Touching Their Wounds | Sojourners

Touching Their Wounds

James Douglass has a gift for making the Bible come alive and become relevant concerning the vital issues of our times, especially the problem of violence and the possibility for an alternative. Through Douglass' recent book, The Nonviolent Coming of God, we get to know Jesus better, even intimately. Jesus - hardly recognizable within our violent culture - stands before us, with us as friend and companion, nonviolent agitator, and loving and confrontational prophet.

Douglass shares a key to understanding the ministry of Jesus: the destruction of Sepphoris, a city four miles from Jesus' home town of Nazareth. Douglass describes Rome's sophisticated means for maintaining control of its subjects in distant territories. The empire worked with client kings amenable to Rome's economic and political interests. It also appointed the high priest -- the highest religious authority in Judaism -- who maintained his position by pleasing Rome.

Religious authorities often not only defended the interests of Rome, they also helped maintain an economic and cultural order that victimized the vast majority of people who were poor. Not surprising, rebellions were common and reflected resentments that were both anti-imperial (against Roman occupation) and anti-Jewish elite (against what were seen as Jewish collaborators).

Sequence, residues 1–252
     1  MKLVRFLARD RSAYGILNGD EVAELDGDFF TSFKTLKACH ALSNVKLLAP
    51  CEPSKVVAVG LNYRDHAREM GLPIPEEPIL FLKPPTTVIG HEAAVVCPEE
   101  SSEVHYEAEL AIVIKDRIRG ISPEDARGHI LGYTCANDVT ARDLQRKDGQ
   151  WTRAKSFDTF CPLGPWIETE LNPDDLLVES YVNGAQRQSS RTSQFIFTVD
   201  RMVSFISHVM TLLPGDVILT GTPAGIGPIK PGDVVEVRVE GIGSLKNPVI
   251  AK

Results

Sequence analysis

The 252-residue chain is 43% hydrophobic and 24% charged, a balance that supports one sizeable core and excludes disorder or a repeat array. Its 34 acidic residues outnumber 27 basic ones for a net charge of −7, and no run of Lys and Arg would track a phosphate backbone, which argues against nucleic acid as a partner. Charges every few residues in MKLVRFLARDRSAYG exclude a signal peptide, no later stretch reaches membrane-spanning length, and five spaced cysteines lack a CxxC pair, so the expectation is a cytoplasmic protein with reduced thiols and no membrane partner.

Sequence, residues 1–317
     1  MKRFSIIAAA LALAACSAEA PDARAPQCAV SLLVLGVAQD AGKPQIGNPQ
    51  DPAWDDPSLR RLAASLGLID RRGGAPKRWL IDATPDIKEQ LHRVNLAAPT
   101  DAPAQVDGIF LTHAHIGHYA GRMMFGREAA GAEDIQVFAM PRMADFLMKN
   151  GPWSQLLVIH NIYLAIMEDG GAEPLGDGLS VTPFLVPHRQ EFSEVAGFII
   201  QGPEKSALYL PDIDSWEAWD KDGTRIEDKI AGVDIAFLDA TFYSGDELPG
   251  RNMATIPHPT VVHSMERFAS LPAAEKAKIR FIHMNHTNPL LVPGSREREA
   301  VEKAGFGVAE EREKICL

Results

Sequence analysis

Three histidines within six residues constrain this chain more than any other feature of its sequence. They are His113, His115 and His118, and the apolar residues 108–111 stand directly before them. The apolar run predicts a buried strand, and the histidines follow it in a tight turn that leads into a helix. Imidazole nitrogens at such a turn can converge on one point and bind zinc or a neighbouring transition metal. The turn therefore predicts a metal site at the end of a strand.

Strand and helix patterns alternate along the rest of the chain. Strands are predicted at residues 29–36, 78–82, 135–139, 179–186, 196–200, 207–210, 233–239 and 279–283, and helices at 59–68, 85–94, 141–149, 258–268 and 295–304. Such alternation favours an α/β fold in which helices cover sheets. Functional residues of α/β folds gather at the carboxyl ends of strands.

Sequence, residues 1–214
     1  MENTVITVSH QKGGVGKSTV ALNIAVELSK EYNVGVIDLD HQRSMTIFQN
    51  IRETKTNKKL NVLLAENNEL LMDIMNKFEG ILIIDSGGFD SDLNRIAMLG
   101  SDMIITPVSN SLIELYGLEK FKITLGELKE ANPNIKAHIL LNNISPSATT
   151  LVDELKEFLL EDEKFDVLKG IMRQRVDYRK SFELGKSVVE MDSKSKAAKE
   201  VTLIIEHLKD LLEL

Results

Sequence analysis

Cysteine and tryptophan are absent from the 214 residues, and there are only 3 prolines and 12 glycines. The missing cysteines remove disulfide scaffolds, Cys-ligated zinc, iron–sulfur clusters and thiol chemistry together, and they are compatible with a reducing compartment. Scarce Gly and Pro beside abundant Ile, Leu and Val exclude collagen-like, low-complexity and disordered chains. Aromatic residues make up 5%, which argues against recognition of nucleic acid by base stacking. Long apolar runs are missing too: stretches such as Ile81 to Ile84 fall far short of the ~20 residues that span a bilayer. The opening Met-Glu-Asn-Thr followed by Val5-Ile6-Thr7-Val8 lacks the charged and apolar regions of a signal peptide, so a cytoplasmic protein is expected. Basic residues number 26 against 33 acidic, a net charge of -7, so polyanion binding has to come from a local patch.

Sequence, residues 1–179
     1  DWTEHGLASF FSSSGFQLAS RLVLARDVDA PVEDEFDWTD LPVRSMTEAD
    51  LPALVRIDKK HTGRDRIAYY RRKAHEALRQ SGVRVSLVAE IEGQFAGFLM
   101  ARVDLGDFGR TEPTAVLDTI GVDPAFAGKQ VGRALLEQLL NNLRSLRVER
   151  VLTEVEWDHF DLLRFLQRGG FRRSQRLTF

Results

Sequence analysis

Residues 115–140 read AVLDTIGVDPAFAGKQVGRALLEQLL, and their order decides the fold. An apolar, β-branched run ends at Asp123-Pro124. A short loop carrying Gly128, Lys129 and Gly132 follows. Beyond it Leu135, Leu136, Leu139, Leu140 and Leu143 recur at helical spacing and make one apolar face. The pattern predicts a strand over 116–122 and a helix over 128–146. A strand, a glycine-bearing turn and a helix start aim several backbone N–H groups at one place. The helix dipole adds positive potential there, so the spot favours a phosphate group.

Rome discouraged such rebellions by employing sophisticated psychological warfare techniques, most notably crucifixion. People considered dangerous were crucified. Public execution of "dissidents" -- whose bodies were left to rot and be eaten by wild animals -- was a powerful deterrent.

When client kings, appointed priests, and selective terror failed to deter would-be rebels, Rome sent in its legions and destroyed entire cities. This, according to Douglass, was the fate of Sepphoris.

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Sojourners Magazine July 1992
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